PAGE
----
Article  PubMed  Google Scholar 

  8. Standards of medical care in diabetes--2013. Diabetes Care. 2013, 36 (Suppl 1): S11-66. 10.2337/dc13-S011.

  9. Standards of medical care in diabetes--2014. Diabetes Care. 2014, 37 (Suppl 1): S14-80. 10.2337/dc14-S014.

  10. Neeli H, Gadi R, Rader DJ: Managing diabetic dyslipidemia: beyond statin therapy. Curr Diab Rep. 2009, 9 (1): 11-17. 10.1007/s11892-009-0004-y.

    Article  CAS  PubMed  Google Scholar 

  11. Bitzur R, Cohen H, Kamari Y, Shaish A, Harats D: Triglycerides and HDL cholesterol: stars or second leads in diabetes?. Diabetes Care. 2009, 32 (Suppl 2): S373-7. 10.2337/dc09-S343.

    Article  PubMed Central  CAS  PubMed  Google Scholar 

  12. Reiner Z, Catapano AL: ESC/EAS Guidelines for the management of dyslipidaemias. Eur Heart J. 2011, 32: 1769-1818. 10.1093/eurheartj/ehr158.

    Article  PubMed  Google Scholar 

  13. Grundy SM, Cleeman JI, Merz CN, Brewer HB, Clark LT, Hunninghake DB, Pasternak RC, Smith SC, Stone NJ: Implications of recent clinical trials for the National Cholesterol Education Program Adult Treatment Panel III Guidelines. J Am Coll Cardiol. 2004, 44 (3): 720-732. 10.1016/j.jacc.2004.07.001.

    Article  PubMed  Google Scholar 

  14. Tenenbaum A, Fisman EZ, Motro M, Adler Y: Optimal management of combined dyslipidemia: what have we behind statins monotherapy?. Adv Cardiol. 2008, 45: 127-153. 10.1159/000115192.

    Article  CAS  PubMed  Google Scholar 

  15. Gaede P, Lund-Andersen H, Parving HH, Pedersen O: Effect of a multifactorial intervention on mortality in type 2 diabetes. N Engl J Med. 2008, 358 (6): 580-591. 10.1056/NEJMoa0706245.

    Article  CAS  PubMed  Google Scholar 

  16. Ryden L, Grant PJ: ESC Guidelines on diabetes, pre-diabetes, and cardiovascular diseases developed in collaboration with the EASD - Summary. Diab Vasc Dis Res. 2014, 11 (3): 133-173. 10.1177/1479164114525548.

    Article  PubMed  Google Scholar 

  17. Perk J, De Backer G: European Guidelines on cardiovascular disease prevention in clinical practice (version 2012). Eur Heart J. 2012, 33: 1635-1701. 10.1093/eurheartj/ehs092.

    Article  CAS  PubMed  Google Scholar 

  18. Onat A, Sari I, Yazici M, Can G, Hergenc G, Avci GS: Plasma triglycerides, an independent predictor of cardiovascular disease in men: a prospective study based on a population with prevalent metabolic syndrome. Int J Cardiol. 2006, 108 (1): 89-95. 10.1016/j.ijcard.2005.06.056.

    Article  PubMed  Google Scholar 

  19. Cullen P: Evidence that triglycerides are an independent coronary heart disease risk factor. Am J Cardiol. 2000, 86 (9): 943-949. 10.1016/S0002-9149(00)01127-9.

    Article  CAS  PubMed  Google Scholar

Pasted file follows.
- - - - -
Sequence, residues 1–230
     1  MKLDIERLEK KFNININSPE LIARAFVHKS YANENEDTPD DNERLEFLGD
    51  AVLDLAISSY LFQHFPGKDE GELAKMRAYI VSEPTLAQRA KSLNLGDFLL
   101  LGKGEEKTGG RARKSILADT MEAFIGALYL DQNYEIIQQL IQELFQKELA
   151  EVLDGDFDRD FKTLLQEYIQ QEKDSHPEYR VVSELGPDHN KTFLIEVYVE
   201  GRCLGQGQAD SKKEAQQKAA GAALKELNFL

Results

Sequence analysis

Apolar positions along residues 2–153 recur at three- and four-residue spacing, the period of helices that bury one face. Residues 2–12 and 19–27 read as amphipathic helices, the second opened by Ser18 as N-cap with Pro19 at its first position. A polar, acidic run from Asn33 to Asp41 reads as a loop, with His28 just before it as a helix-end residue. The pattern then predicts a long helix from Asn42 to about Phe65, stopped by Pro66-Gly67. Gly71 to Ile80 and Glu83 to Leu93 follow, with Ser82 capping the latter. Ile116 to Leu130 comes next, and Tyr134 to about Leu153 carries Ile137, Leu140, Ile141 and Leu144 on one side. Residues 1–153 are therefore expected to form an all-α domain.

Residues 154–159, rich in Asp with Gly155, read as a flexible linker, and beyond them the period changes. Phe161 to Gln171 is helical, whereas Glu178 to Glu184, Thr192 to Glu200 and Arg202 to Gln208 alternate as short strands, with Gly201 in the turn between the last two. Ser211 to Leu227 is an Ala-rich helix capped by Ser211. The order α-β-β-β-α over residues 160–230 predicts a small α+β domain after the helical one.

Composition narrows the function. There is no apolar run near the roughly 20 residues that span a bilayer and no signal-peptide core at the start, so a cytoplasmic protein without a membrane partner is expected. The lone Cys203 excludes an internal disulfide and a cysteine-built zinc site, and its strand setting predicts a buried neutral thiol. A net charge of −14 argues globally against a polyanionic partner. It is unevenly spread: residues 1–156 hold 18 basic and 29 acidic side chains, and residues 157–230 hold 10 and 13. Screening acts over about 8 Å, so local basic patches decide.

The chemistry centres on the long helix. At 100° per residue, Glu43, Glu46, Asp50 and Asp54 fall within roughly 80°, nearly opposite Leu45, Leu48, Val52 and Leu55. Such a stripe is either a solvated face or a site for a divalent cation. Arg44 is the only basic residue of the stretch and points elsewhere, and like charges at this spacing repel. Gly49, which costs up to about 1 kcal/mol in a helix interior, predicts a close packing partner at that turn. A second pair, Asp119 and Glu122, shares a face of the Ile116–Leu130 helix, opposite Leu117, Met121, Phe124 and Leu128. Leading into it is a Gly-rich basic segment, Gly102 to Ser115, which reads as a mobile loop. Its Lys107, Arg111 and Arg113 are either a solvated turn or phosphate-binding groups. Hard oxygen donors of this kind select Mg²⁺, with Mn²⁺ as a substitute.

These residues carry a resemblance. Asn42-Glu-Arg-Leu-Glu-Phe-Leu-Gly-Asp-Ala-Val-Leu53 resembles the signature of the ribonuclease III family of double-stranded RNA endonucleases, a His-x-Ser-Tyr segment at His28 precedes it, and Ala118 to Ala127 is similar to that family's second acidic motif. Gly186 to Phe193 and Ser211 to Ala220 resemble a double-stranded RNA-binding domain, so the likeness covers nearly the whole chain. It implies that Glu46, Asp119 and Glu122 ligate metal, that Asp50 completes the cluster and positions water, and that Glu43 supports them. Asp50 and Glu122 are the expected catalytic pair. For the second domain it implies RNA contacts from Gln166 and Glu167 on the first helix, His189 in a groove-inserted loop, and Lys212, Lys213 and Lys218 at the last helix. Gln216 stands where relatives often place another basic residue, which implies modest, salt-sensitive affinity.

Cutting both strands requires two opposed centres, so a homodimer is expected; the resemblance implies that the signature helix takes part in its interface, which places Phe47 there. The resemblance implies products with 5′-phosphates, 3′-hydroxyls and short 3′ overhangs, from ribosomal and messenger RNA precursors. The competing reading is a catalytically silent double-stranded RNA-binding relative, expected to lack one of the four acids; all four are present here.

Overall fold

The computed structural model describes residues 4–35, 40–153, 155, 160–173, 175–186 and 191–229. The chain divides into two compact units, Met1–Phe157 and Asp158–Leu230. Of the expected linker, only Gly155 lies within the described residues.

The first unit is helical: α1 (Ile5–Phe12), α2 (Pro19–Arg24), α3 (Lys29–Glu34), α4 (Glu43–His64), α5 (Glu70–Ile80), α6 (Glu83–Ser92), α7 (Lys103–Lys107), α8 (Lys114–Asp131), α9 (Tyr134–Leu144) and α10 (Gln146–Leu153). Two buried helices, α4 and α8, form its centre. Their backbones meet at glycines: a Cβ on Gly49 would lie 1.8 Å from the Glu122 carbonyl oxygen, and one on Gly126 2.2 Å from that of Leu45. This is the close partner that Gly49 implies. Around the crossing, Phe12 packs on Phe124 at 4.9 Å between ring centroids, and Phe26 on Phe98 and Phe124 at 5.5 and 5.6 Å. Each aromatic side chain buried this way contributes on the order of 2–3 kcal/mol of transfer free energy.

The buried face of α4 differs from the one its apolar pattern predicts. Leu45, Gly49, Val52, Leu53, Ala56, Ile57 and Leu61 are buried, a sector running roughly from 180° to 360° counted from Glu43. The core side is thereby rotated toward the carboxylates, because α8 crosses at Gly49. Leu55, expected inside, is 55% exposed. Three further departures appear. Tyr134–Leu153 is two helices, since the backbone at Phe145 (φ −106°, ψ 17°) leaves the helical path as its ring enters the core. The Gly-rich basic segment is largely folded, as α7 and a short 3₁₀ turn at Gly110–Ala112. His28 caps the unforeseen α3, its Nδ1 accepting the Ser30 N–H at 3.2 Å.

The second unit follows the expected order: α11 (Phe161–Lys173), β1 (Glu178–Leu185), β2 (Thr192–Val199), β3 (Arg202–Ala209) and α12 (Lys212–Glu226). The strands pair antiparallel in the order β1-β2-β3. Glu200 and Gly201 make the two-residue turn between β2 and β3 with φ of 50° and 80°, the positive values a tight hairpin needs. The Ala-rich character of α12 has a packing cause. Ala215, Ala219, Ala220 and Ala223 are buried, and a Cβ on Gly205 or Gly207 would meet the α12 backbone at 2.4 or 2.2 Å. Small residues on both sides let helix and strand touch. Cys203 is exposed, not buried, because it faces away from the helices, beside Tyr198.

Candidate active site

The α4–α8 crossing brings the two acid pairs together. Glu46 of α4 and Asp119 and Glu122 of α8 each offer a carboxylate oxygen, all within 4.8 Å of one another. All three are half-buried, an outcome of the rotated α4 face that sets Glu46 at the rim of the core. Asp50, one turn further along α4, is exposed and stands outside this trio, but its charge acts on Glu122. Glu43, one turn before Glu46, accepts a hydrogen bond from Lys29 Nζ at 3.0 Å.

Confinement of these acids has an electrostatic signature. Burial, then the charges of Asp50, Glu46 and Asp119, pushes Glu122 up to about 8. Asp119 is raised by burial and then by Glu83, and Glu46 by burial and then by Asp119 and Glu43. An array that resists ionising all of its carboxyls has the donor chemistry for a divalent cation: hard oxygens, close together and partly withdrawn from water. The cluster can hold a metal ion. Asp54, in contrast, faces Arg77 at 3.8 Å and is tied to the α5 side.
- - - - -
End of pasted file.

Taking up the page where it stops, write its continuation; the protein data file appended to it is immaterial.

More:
20. Hokanson JE, Austin MA: Plasma triglyceride level is a risk factor for cardiovascular disease independent of high-density lipoprotein cholesterol level: a meta-analysis of population-based prospective studies. J Cardiovasc Risk. 1996, 3 (2): 213-219. 10.1097/00043798-199604000-00014.

    Article  CAS  PubMed  Google Scholar 

  21. Toth PP, Simko RJ, Palli SR, Koselleck D, Quimbo RA, Cziraky MJ: The impact of serum lipids on risk for microangiopathy in patients with type 2 diabetes mellitus. Cardiovasc Diabetol. 2012, 11: 109-10.1186/1475-2840-11-109.

    Article  PubMed Central  CAS  PubMed  Google Scholar 

  22. Major Lipids, Apolipoproteins, and Risk of Vascular Disease. JAMA. 2009, 302 (18): 1993-2000. 10.1001/jama.2009.1619.

  23. Keating GM, Croom KF: Fenofibrate: a review of its use in primary dyslipidaemia, the metabolic syndrome and type 2 diabetes mellitus. Drugs. 2007, 67 (1): 121-153. 10.2165/00003495-200767010-00013.

    Article  CAS  PubMed  Google Scholar 

  24. Chapman MJ, Ginsberg HN: Triglyceride-rich lipoproteins and high-density lipoprotein cholesterol in patients at high risk of cardiovascular disease: evidence and guidance for management. Eur Heart J. 2011, 32: 1345-61. 10.1093/eurheartj/ehr112.

    Article  PubMed Central  CAS  PubMed  Google Scholar 

  25. Colhoun H: After FIELD: should fibrates be used to prevent cardiovascular disease in diabetes?. Lancet. 2005, 366 (9500): 1829-1831. 10.1016/S0140-6736(05)67668-4.

    Article  PubMed  Google Scholar 

  26. Keech A, Simes RJ, Barter P, Best J, Scott R, Taskinen MR, Forder P, Pillai A, Davis T, Glasziou P, Drury P, Kesaniemi YA, Sullivan D, Hunt D, Colman P, D'Emden M, Whiting M, Ehnholm C, Laakso M: Effects of long-term fenofibrate therapy on cardiovascular events in 9795 people with type 2 diabetes mellitus (the FIELD study): randomised controlled trial. Lancet. 2005, 366 (9500): 1849-1861. 10.1016/S0140-6736(05)67667-2.

    Article  CAS  PubMed  Google Scholar 

  27. Tsimihodimos V, Mikhailidis DP, Elisaf M: Summarizing the FIELD study: lessons from a `negative’ trial. Expert Opin Pharmacother. 2013, 14 (18): 2601-2610. 10.1517/14656566.2013.850075.

    Article  CAS  PubMed  Google Scholar